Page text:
Editorial content

Overview of Capital Gains Tax in Cambodia
Updated on: September 19, 2023, 3:14 a.m.
Published on: May 21, 2021, 9:21 a.m.

Overview of Capital Gains Tax in Cambodia

What is the Capital Gains Tax in Cambodia?

The Capital Gains Tax (CGT) in Cambodia is a flat 20% rate from selling a capital asset. Contrary to what most people perceive. The Capital Gains Tax in Cambodia is not exactly new; businesses in the Kingdom have always paid capital gains. The material difference now is that it applies to individuals, especially those looking to sell immovable property a.k.a. real estate.

The CGT was introduced into law through Prakas 346 from the Ministry of Economy and Finance back in April 2020 and was originally intended to be implemented a few months later in July 2020.

Due to COVID-19, the law was delayed to January 2021 to reduce the pandemic’s impact on the real estate market. The implementation of the Capital Gains Tax in Cambodia was further delayed to January 2022 as the country saw its first major local community outbreak in Q1 2021. As of September 2023, the Capital Gains Tax is to take effect on January 1st 2024. 

Who has to pay Capital Gains Tax in Cambodia?

Capital Gains Tax in Cambodia applies to both resident taxpayers and non-resident taxpayers. Taxpayers are obligated to pay their Capital Gains Tax within 3 months of realising their gains.

Resident taxpayers are defined as physical persons who meet one or more of the Kingdom’s residential criteria.

Non-resident taxpayers are defined as either legal entities or physical persons who are not considered residents.

How is “Capital” defined in Capital Gains Tax?

Capital Gains Tax covers capital gained from selling: Immovable Properties, Leases, Investment/Financial Assets, Goods (Licenses and branding), Intellectual Property, and Foreign Currency.

That may sound all-encompassing, but much like other tax laws, there are exemptions to Capital Gains Tax, especially when it comes to immovable property a.k.a. Real estate:

  • The principal residence of the taxpayer - in the event that the taxpayer (or their spouse) has more than one place of residence, only one of them can be exempted from the CGT
  • Transfer of immovable properties between family members as stated in the regulations around Registration Tax
  • Assets of the Cambodian government
  • Immovable properties a.k.a. Real estate properties sold for public purposes based on Cambodia’s Expropriation Laws
  • Assets of foreign embassies/consulates
  • Assets of international organizations or cooperation agencies of foreign governments

How is Capital Gains Tax calculated in Cambodia?

Capital Gains Tax in Cambodia is a flat 20% rate on gains made after selling a capital asset. At face value, that is a significant portion of sales proceeds but there are 2 methods taxpayers can use that allow for a bit more consideration of their expenses:

Actual Expense Deduction Method

This method takes the sales proceeds and subtracts the expenses the seller made on that property to get the actual Capital Gains Tax to be paid. These deductibles can be the purchase cost, consulting fees, registration tax, commissions, and even advertising. These actual expenses are deducted from the sales proceeds and 20% of the difference will be the Capital Gains Tax to be paid.

This method is beneficial for property sellers who spend a lot on overhead/operational costs and who might be looking at more humble margins.


Mrs. Phan is looking to sell her home for $250,000 which she originally bought for $100,000 a couple of years ago. She was diligent in keeping essential documents detailing her expenses in the acquisition/renovation of her property, which are the following:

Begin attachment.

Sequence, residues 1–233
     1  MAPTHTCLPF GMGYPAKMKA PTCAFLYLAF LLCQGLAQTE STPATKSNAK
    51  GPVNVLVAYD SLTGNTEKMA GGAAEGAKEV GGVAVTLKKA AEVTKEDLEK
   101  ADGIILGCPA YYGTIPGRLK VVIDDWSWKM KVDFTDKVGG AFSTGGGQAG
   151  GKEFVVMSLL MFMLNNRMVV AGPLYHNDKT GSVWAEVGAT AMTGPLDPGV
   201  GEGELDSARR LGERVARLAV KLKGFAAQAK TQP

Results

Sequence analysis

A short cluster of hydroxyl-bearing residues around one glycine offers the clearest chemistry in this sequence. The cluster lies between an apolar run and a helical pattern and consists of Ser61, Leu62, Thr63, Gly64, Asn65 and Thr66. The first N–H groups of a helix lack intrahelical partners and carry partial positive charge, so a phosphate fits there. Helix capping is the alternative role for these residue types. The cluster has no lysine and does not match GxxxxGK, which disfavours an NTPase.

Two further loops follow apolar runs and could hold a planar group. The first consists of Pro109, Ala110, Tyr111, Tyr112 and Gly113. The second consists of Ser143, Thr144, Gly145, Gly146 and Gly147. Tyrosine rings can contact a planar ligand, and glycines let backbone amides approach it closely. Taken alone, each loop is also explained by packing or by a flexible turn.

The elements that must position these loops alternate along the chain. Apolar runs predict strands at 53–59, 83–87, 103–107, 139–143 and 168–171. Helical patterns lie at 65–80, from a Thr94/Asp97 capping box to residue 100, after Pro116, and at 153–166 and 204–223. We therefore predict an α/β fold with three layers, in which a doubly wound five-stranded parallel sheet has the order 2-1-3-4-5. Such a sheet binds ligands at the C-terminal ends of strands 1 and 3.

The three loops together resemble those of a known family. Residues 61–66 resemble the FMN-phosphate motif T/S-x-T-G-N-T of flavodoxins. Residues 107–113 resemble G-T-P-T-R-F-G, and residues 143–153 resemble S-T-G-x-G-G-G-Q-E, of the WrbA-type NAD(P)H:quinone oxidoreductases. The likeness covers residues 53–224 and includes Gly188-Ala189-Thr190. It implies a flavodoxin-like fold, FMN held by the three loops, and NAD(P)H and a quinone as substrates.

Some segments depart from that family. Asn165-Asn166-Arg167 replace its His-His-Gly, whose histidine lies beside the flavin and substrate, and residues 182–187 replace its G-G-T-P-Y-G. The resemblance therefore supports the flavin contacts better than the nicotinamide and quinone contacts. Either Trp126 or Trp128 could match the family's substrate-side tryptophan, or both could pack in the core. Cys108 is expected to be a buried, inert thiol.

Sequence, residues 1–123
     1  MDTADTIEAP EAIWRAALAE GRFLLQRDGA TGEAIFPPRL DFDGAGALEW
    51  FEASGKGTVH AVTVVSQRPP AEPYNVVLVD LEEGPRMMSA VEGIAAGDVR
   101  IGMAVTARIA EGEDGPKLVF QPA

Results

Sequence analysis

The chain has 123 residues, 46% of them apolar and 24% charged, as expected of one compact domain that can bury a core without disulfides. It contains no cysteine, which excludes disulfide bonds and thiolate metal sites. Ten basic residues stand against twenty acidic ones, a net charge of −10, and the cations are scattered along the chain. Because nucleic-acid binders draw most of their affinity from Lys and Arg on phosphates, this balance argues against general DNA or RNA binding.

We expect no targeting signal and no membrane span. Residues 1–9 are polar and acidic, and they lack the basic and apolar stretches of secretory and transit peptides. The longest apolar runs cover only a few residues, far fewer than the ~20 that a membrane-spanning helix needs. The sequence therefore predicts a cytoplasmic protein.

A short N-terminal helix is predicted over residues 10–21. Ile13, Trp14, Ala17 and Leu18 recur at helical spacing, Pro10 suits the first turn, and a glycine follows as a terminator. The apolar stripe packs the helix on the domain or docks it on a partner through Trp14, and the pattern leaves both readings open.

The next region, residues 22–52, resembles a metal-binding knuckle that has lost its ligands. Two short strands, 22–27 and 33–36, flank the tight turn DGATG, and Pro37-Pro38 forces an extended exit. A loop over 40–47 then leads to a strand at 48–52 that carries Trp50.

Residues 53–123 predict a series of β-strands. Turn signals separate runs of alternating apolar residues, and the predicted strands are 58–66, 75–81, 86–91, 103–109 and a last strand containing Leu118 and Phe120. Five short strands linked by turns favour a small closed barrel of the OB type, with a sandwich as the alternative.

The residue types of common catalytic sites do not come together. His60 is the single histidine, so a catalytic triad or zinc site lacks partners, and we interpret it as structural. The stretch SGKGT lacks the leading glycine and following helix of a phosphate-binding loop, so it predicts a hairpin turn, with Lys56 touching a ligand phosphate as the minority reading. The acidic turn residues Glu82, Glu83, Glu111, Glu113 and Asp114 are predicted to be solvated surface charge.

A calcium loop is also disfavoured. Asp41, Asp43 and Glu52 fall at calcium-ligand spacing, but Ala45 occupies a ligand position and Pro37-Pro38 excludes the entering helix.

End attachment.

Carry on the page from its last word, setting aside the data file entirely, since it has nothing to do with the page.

1. Registration Tax: $4,000
  2. Loan interest: $3,000
  3. Loan administrative fee: $500
  4. Renovation: $35,000

Now that we have the relevant values, let’s do a sample calculation:


Actual Expenses Deduction Method

Sale Price



Actual Expenses (Deductibles)

Original Price


Registration Tax


Loan interest


Loan administrative fee







Capital Gains Tax

Sale Price


Total Expenses


Capital Gains (Sales Price - Total Expenses)


Capital Gains Tax (20%)



Mrs. Phan will have to pay $21,500 in Capital Gains Tax once she sells her property via the Actual Expenses Deduction Method.

There are more applicable deductibles so we strongly suggest you keep tabs on the expenses you made for your property if you are planning to sell in the future.

Determination-Based Deduction Method

This method takes 80% of the sales proceeds and subtracts it from the entire sales value. The result will be the Capital Gains and 20% of it will be the Capital Gains Tax to be paid. This method is highly beneficial for property owners who buy low and are planning to sell high.


Mrs Phan is aware there’s another way of calculating Capital Gains Tax. And being a discerning homeowner, she explored the other method of getting the capital gains tax for her $100,000 property she plans to sell for $250,000.

Determination-Based Deduction Method

Sale Price


80% of the Sale Price


Capital Gain (Sale Price - 80%)



Capital Gains Tax

Capital Gain


Capital Gain Tax (20%)



Mrs Phan will have to pay $10,000 in Capital Gains Tax once she sells her property via the Determination Based Deduction Method.

It’s quite obvious which method Mrs. Phan will be using and that’s intended as taxpayers in Cambodia are free to choose which method of Capital Gains Tax calculation to use for their tax obligation. 

As mentioned above, the Capital Gains Tax is planned to finally be implemented in January 2023. This creates a third method of Capital Gains Tax: selling your property before January 2024 so you don’t have to pay this tax!

Kidding aside, we highly recommend that you keep any relevant expenses related to your property and do your due diligence in finding the method that gives you the best tax rate.